LGBTQ guidance from Lansing misses mark

Published 9:42 am Thursday, April 21, 2016

In a memorandum dated Feb. 23, 2016, with the subject, “Presentation on State Board of Education Statement and Guidance on Safe and Supportive Learning Environments for Lesbian, Gay, Bisexual, Transgender, and Questioning (LGBTQ) Students,” the state board of education is proposed new guidance for the treatment of these students.

Right now, it is in draft. By May, the state board of education plans to vote on this new guidance. Then it becomes state policy.

Parents may review this draft memorandum at: Some of the provisions are perfectly reasonable, but others are controversial. I’ve included some of the controversial provisions from this memorandum below in no particular order.

“Names and pronouns. School staff should address students by their chosen name and pronouns that correspond to their gender identity, regardless of whether there has been a legal name change. Upon request, the chosen name and gender should be included in the district’s information management systems, in addition to the student’s legal name. District-generated student email addresses should also reflect the student’s chosen name, if first names are identifiable in such addresses. These changes inform all staff, including substitute teachers, of the name and pronoun to use when addressing the student, and help avoid inadvertent disclosures.”

“Restrooms. Students should be allowed to use the restroom in accordance with their gender identity. Alternative and non-stigmatizing options, such as an all-gender or single user restroom (e.g., staff bathroom or nurse’s office), should be made available to students who request them, but not presented as the only option. Any student who has a need or desire for increased privacy, regardless of underlying reasons, has the right to access a single-user restroom.”

“Dress code. Students should have the right to express their gender at school, within the parameters of the school’s dress code, without discrimination or harassment. The school’s dress code should be gender-neutral and not restrict a student’s clothing choices on the basis of gender. In the event that the dress code has differing expectations or practices based on gender, students should be permitted to dress in accordance with their gender identity.”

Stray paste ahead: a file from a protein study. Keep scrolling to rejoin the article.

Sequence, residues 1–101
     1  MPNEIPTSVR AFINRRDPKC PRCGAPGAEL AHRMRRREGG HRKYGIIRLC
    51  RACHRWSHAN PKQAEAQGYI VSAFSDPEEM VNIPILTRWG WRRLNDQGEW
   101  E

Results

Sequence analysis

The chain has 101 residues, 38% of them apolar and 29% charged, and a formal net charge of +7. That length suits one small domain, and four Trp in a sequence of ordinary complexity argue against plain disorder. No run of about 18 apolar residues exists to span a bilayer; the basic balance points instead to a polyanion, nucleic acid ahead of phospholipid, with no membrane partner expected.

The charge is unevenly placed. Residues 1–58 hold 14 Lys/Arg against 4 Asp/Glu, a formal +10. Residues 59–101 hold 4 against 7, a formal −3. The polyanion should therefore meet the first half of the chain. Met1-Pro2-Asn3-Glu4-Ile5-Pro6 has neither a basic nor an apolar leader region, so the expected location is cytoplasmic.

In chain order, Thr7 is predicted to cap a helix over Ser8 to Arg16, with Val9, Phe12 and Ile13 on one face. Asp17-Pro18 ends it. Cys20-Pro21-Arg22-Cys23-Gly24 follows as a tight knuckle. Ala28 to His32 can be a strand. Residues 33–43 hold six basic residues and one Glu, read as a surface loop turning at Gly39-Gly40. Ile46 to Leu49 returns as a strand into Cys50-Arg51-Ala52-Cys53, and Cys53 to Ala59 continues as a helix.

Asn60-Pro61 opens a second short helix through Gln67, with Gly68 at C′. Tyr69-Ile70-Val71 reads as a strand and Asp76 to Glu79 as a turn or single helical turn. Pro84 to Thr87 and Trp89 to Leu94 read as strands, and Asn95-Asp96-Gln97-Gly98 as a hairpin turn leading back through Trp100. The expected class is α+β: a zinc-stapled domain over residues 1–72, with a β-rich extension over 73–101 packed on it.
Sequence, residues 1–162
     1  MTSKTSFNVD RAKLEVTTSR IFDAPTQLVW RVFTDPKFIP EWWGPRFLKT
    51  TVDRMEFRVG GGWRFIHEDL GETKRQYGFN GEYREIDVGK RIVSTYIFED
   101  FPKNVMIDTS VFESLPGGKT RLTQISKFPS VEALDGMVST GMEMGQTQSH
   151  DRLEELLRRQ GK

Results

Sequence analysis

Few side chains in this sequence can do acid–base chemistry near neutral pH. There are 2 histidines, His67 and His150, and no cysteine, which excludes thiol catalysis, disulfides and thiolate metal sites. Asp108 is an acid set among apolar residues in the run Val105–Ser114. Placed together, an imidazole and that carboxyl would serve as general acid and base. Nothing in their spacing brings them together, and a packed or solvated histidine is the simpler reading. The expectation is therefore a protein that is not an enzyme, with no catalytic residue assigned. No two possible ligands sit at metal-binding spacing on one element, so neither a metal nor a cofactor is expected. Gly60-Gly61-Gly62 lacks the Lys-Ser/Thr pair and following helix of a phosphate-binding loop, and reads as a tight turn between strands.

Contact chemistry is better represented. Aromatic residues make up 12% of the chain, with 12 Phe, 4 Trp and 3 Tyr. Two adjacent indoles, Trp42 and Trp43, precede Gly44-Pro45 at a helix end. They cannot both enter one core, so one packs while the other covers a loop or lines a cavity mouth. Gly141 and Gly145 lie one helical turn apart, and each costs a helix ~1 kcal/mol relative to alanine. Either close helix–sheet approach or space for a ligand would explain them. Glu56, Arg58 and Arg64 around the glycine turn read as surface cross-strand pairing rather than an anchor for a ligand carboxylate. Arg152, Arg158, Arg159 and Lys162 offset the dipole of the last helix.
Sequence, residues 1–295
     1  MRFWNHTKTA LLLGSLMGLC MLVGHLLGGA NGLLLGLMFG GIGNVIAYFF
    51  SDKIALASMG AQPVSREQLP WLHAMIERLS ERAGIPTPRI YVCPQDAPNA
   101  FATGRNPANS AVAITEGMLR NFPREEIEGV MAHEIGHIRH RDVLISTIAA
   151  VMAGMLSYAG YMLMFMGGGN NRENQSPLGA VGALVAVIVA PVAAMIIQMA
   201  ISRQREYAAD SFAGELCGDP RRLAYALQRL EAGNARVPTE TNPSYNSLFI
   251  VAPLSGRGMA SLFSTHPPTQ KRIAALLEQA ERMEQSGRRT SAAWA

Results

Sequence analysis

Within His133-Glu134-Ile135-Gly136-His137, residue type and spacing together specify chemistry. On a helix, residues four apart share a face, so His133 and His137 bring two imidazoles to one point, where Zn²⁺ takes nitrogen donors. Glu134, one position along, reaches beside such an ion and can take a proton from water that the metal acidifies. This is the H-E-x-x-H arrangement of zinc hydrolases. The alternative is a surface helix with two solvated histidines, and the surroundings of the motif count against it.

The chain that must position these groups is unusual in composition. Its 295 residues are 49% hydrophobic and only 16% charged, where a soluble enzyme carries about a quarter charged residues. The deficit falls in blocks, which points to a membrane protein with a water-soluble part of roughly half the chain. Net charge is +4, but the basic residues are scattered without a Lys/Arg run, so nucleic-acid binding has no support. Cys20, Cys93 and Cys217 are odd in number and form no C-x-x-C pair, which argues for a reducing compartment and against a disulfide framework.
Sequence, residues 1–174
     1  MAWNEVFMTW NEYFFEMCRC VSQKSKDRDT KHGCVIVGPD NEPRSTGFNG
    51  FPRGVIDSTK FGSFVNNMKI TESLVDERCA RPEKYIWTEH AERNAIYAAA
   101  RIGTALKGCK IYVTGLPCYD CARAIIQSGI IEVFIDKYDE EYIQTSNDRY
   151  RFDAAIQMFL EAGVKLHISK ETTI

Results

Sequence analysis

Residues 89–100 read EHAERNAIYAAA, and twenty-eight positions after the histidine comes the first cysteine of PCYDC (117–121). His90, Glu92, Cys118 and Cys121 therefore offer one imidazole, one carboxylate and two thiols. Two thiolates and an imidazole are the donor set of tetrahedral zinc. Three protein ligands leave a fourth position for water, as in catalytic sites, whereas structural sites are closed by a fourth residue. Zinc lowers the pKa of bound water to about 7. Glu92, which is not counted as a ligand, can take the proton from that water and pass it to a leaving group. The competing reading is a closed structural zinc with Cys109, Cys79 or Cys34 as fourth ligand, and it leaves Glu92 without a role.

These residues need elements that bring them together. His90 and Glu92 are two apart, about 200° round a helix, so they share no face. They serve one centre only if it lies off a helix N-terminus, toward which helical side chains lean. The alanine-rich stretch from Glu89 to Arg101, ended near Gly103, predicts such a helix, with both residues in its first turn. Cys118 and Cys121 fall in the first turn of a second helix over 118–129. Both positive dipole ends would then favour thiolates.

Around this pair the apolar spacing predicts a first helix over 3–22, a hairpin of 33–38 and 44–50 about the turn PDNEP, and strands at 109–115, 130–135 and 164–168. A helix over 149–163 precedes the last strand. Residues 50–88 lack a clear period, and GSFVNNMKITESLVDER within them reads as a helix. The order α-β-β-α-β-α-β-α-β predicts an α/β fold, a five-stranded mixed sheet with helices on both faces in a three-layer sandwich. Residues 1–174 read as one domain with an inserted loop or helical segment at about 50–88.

I don’t mean to diminish the importance of gender identity. It is a very serious problem for some. Schools should be sensitive to this problem and take steps to prevent harassment for students who face this.

On the other hand, the state board of education should hold educational considerations higher than any other consideration. Balancing the rights of LGBTQ students against educational objectives is a delicate thing.

Let me offer some practical situations to illustrate this balancing:

1. Should teachers or other students be punished or sanctioned if they refer to George as “he,” when “she” is George’s preferred pronoun?

2. Should George be allowed to use the girls’ restroom? Is that fair to girls who do not want a biological male in their restroom?

3. Is education served by permitting George to wear a dress to class? It is highly unlikely that the biological gender of any student will remain a secret so how disruptive will it be in the classroom when a biological boy wears feminine clothes or takes a feminine name or if a girl does the opposite?

Even a misplaced smile from a boy in a dress or otherwise adopting a female persona will provoke some boys. I predict major disruptions as schools make adjustments according to this new policy. Major disruptions will interfere with the primary purpose of schools, which is to educate our youth.

Finally, the role of parents or guardians of students under the age of 18 needs developing in this guidance.

I urge Niles parents make their concerns known about this new policy. People can begin this process by communicating with the Niles school district administration and by communicating with Representative Dave Pagel and Senator John Proos.


Michael Waldron is a retired lieutenant colonel, U.S. Army, who was born and raised in Niles. He previously served on the Niles Community School Board of Education. He can be reached at